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Why foot and mouth could make your steak a bit cheaper

Experts say there’s no reason to fear eating meat now, and there may even be a positive spinoff for the consumer.


South Africans can still enjoy a braai without fear of catching foot and mouth disease (FMD), as the recent outbreak will not pose any health risk to meat eaters and could even lead to a drop in meat prices.

Minister of Agriculture, Forestry and Fisheries Senzeni Zokwana yesterday responded to a provisional ban that was announced by several countries – including eSwatini, Namibia and Botswana – which have rejected imported meat products from South Africa since the announcement of the FMD outbreak last week.

The import ban was to minimise the risk of spreading the disease in their countries. The disease was caused by a “spillage” in the Vhembe district of Limpopo, where about 15,000 cattle are at risk.

Foot and mouth disease is a severe, contagious viral disease that affects livestock such as cattle, pigs, sheep, goats and other cloven-hoofed animals. It mostly causes weight loss, which devastates the profitability of farming the animals.

FMD does not affect humans, however, and it is safe to consume products of cloven-hoofed animals, such as meat and milk, the minister said.

He said the outbreak would not affect the pricing method of red meat in the country.

“We don’t see this changing the pricing method. It will remain proper and normal for you to have a braai without fear of any problem in terms of FMD. It will not cause any health problems to people who eat meat.”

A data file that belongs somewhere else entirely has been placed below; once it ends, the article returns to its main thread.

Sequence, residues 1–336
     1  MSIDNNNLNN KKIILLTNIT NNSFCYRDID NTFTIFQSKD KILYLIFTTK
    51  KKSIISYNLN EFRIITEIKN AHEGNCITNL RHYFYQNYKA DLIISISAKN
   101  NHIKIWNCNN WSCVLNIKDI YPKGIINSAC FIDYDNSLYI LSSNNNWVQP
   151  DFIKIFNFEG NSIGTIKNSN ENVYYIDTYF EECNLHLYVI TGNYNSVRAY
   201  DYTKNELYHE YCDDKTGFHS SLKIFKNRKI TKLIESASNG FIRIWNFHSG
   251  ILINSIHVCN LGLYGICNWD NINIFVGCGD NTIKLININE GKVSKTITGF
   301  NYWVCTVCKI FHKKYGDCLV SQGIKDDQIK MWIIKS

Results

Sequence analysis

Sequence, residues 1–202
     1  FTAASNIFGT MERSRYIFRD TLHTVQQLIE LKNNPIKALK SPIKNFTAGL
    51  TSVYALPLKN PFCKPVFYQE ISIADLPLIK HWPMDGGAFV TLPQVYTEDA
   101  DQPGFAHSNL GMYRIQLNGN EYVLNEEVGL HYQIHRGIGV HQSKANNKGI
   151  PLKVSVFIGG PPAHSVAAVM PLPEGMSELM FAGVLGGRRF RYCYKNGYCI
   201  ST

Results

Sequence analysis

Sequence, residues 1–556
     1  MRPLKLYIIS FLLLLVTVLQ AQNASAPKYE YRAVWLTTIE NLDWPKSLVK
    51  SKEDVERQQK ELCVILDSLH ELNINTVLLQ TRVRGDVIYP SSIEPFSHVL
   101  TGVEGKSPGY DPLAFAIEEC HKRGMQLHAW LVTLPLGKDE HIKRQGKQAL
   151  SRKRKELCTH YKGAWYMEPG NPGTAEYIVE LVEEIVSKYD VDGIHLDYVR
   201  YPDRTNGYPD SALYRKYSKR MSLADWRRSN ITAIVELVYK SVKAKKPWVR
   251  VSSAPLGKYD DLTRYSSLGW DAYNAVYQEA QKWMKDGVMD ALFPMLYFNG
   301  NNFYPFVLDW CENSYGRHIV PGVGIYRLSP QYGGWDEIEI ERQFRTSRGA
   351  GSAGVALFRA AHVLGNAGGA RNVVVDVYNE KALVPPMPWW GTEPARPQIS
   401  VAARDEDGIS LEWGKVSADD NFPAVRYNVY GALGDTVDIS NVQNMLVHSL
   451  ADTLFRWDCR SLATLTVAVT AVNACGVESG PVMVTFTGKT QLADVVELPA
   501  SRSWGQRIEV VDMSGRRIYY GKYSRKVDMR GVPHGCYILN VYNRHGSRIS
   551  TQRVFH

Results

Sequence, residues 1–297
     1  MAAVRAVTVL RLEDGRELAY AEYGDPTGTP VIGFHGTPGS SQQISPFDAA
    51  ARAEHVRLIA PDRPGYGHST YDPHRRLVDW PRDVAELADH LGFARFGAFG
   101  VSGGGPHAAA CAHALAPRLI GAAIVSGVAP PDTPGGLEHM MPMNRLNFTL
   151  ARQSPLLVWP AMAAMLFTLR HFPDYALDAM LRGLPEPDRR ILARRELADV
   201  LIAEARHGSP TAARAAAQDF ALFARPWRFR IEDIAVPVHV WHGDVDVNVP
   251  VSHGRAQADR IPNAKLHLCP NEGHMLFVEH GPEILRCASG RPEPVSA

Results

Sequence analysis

The department would be vaccinating infected cattle within 20km of the affected village, Sundani, during the course of this week.

“Culling of affected or in-contact animals in the area is at the moment not advocated due to a number of factors and the situation is being constantly monitored by my veterinary team.

“Farmers in the whole country are cautioned to observe bio-security measures – not to allow any new animals into herds and to minimise the movement of their own herds to other farms.”

At least 3% of the country’s meat produce is exported, but the bans in other countries will lead to more supply in South Africa.

This could lead to a drop in meat prices, as demand will be lower than the supply, Gerhard Schutte of the Red Meat Producers Organisation told The Citizen.

“That meat will end up in the local market. There is a small window of opportunity that some of the small export is coming back. The supply will be higher in the local market with the demand being the same.

“It is good for the consumer because the price could, for the interim, drop or could stay put. There is no good reason for a price increase at the moment,” Schutte said.

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